So I started writing the header file last night, which some might argue was a violation of my rule of sleeping on new ideas[#]. But the goal of the rule is to spend time thinking about them before digging in, and laying out the header file is a way of doing that.
Anyway, I started working on the implementation this morning and the first 80% came together really fast. I have all the basic (non-cursor) ops written, a good start on the cursor ops, and manual compaction done.
The remaining cursor ops are hung up on the API for jumping to the first/last item and initializing the cursor if necessary when doing next/previous.
The other big thing left is auto-compaction. We have to track meta-data on each level of the tree (mainly just the number of items, not sure what else), and we have to come up with a way of deciding how much to compact on each commit.
Scaling MySQL and MariaDB to TBs: Interview with Martín Farach-Colton.
TokuDB has much higher insertion rates, and in particular, very high single-threaded insertion rates. Thus, the slave can keep up with a much more demanding workload.
Oh, I get it. “Slave lag” is the same problem we’re having with doing fast syncs in EarthFS, even though it isn’t a master/slave system.
The Log-Structured Merge Tree (LSM) also achieves very high indexing rates, but at the cost of so-called read amplification, which means that indexing is much faster than for B-trees,
Oh, I get it. When you walk down the fractal tree, you pick up any intermediate messages along the way, since they’re in the same place.
However, that’s why LSM-trees usually support bloom filters for lookup. So the complaint isn’t actually valid, and in fact bloom filters might actually be faster. Fractal trees have to pay for their message system with smaller branches.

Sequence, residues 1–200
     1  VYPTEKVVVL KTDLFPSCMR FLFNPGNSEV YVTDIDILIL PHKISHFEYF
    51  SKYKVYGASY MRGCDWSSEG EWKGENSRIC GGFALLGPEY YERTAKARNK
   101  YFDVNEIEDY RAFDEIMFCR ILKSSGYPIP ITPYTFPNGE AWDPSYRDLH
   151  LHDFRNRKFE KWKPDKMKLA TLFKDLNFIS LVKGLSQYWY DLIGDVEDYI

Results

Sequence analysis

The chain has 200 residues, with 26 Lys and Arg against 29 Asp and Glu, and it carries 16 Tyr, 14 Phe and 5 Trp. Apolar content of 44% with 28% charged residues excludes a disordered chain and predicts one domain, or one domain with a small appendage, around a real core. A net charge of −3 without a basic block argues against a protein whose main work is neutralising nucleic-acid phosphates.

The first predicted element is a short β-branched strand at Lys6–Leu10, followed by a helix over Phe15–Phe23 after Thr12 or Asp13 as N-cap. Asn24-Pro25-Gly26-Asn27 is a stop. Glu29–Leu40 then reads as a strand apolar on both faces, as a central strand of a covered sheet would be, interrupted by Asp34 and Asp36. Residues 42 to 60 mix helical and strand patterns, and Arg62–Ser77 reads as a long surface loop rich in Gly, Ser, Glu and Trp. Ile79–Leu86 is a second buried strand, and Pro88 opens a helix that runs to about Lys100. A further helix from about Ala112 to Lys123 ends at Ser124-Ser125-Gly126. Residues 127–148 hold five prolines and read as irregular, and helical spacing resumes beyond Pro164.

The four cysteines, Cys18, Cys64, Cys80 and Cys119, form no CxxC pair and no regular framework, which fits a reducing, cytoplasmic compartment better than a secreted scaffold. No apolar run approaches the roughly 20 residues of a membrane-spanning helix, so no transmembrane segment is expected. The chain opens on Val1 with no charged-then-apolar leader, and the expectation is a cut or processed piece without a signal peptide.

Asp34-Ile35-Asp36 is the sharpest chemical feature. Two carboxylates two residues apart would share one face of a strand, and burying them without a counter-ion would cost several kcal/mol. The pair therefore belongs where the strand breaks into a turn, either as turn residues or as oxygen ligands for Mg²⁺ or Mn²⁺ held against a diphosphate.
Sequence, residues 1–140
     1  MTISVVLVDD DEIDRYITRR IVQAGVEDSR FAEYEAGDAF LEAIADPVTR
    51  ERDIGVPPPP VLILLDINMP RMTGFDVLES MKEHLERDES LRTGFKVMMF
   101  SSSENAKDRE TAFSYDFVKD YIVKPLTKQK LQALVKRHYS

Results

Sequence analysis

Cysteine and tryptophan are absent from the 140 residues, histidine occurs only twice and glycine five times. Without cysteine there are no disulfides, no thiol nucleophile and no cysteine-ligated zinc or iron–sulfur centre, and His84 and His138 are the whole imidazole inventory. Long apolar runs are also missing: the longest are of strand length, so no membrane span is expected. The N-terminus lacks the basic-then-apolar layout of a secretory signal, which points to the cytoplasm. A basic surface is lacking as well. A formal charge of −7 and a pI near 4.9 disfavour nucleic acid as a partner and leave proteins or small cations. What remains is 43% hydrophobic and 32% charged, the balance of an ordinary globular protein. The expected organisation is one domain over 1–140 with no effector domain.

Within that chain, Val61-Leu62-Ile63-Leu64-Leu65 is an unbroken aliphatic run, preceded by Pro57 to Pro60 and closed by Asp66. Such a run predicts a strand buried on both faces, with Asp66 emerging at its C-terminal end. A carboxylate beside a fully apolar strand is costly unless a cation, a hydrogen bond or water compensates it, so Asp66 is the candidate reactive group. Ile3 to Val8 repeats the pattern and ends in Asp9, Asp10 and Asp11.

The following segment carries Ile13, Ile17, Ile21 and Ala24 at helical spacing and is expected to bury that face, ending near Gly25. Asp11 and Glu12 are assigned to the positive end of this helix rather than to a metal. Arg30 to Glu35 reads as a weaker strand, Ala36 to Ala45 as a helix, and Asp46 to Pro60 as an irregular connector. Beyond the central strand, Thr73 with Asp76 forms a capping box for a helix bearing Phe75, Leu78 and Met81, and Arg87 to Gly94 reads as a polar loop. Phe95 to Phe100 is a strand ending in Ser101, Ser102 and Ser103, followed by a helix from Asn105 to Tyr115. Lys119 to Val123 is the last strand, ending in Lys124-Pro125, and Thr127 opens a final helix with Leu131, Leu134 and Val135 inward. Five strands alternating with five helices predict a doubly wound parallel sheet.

Q9. How is TokuDB different with respect to SchoonerSQL, NuoDB and VoltDB?
You have to be pretty badass to handle questions like this in an interview. I’ve never even heard of SchoonerSQL.
LevelDB file layout and compactions
Reading over this again. AFAICT, it’s just so needlessly complicated. Their 2MB files are basically pages in a regular b-tree.
Compactions for a particular level rotate through the key space. In more detail, for each level L, we remember the ending key of the last compaction at level L. The next compaction for level L will pick the first file that starts after this key (wrapping around to the beginning of the key space if there is no such file).
They have to do this because files never get rewritten once they’re stored. However, we’re using a b-tree, so it automatically handles dividing things up so branches stay relatively balanced. That means we don’t have to rotate, and in fact maybe we could see better performance by not rotation.
By always compacting from the head or tail of each level, we an intentionally skew data across the levels so that perhaps cursors will be more efficient. Instead of hitting the cursor for each level randomly, we’d mostly hit the cursor for one level over and over, then swich to the next level, etc.
Worth trying at least.
Also, I think that if we compact the last level from the tail, and/or the first level from the head, we can save the underlying b-tree a lot of work because the items don’t actually have to move at all. I’m not sure which one we should choose, or if we should do both.
Right now we always fully compact level zero at the end of each transaction. You can even do compaction in the middle of a transaction and open cursors (should hopefully) keep working.
Oh whoops, no they won’t. When we move an item from one level to another, the cursor at the new level has to pick up on it. Fixing that would take a lot of extra work too.
Well, the cursors can lose their positions, but at least they won’t completely break.
Figuring out how to do auto-compaction intelligently seems tough. If you have a “full” tree, one write at the top needs an additional write at every level. Perhaps the rule is number of writes * number of levels * overall fullness. A tree that’s mostly empty should be allowed to fill up, whereas a tree that’s extremely full has to be pruned back.
We have to be careful that if one row is too full and another row is brand new and mostly empty, they don’t average out. Or actually, that might be okay, as long as we prune the full row whenever we prune anything.
We should also make sure that we don’t do compactions below a certain size, because they just aren’t efficient.
It’s actually probably better not to take the current write size into account at all. We don’t want to make big transactions even slower, we want to shave the peaks.
With any luck I should be able to finish this up tomorrow. Pretty excited to test it out.